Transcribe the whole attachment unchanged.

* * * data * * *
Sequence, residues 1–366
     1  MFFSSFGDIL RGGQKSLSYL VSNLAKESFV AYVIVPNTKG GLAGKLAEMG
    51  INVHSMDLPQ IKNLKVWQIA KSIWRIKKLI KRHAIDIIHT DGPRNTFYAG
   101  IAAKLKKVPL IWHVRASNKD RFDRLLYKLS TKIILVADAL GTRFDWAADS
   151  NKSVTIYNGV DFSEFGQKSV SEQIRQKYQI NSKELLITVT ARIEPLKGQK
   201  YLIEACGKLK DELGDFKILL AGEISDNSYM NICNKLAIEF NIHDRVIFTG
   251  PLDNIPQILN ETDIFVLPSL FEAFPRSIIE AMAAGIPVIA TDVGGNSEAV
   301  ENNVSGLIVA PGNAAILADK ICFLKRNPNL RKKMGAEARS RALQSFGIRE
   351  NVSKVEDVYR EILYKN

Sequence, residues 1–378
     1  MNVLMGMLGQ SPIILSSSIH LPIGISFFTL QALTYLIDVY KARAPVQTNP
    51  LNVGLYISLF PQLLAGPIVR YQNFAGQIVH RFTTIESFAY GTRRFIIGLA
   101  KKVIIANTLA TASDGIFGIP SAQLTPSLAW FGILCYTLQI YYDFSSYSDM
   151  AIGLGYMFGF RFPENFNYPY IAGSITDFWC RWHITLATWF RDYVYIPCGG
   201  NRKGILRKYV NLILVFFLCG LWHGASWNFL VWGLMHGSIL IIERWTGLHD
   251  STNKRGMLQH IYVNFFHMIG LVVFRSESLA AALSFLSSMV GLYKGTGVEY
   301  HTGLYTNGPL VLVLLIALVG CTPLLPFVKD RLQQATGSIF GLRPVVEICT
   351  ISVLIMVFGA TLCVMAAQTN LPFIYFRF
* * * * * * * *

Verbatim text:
Sequence, residues 1–366
     1  MFFSSFGDIL RGGQKSLSYL VSNLAKESFV AYVIVPNTKG GLAGKLAEMG
    51  INVHSMDLPQ IKNLKVWQIA KSIWRIKKLI KRHAIDIIHT DGPRNTFYAG
   101  IAAKLKKVPL IWHVRASNKD RFDRLLYKLS TKIILVADAL GTRFDWAADS
   151  NKSVTIYNGV DFSEFGQKSV SEQIRQKYQI NSKELLITVT ARIEPLKGQK
   201  YLIEACGKLK DELGDFKILL AGEISDNSYM NICNKLAIEF NIHDRVIFTG
   251  PLDNIPQILN ETDIFVLPSL FEAFPRSIIE AMAAGIPVIA TDVGGNSEAV
   301  ENNVSGLIVA PGNAAILADK ICFLKRNPNL RKKMGAEARS RALQSFGIRE
   351  NVSKVEDVYR EILYKN

Sequence, residues 1–378
     1  MNVLMGMLGQ SPIILSSSIH LPIGISFFTL QALTYLIDVY KARAPVQTNP
    51  LNVGLYISLF PQLLAGPIVR YQNFAGQIVH RFTTIESFAY GTRRFIIGLA
   101  KKVIIANTLA TASDGIFGIP SAQLTPSLAW FGILCYTLQI YYDFSSYSDM
   151  AIGLGYMFGF RFPENFNYPY IAGSITDFWC RWHITLATWF RDYVYIPCGG
   201  NRKGILRKYV NLILVFFLCG LWHGASWNFL VWGLMHGSIL IIERWTGLHD
   251  STNKRGMLQH IYVNFFHMIG LVVFRSESLA AALSFLSSMV GLYKGTGVEY
   301  HTGLYTNGPL VLVLLIALVG CTPLLPFVKD RLQQATGSIF GLRPVVEICT
   351  ISVLIMVFGA TLCVMAAQTN LPFIYFRF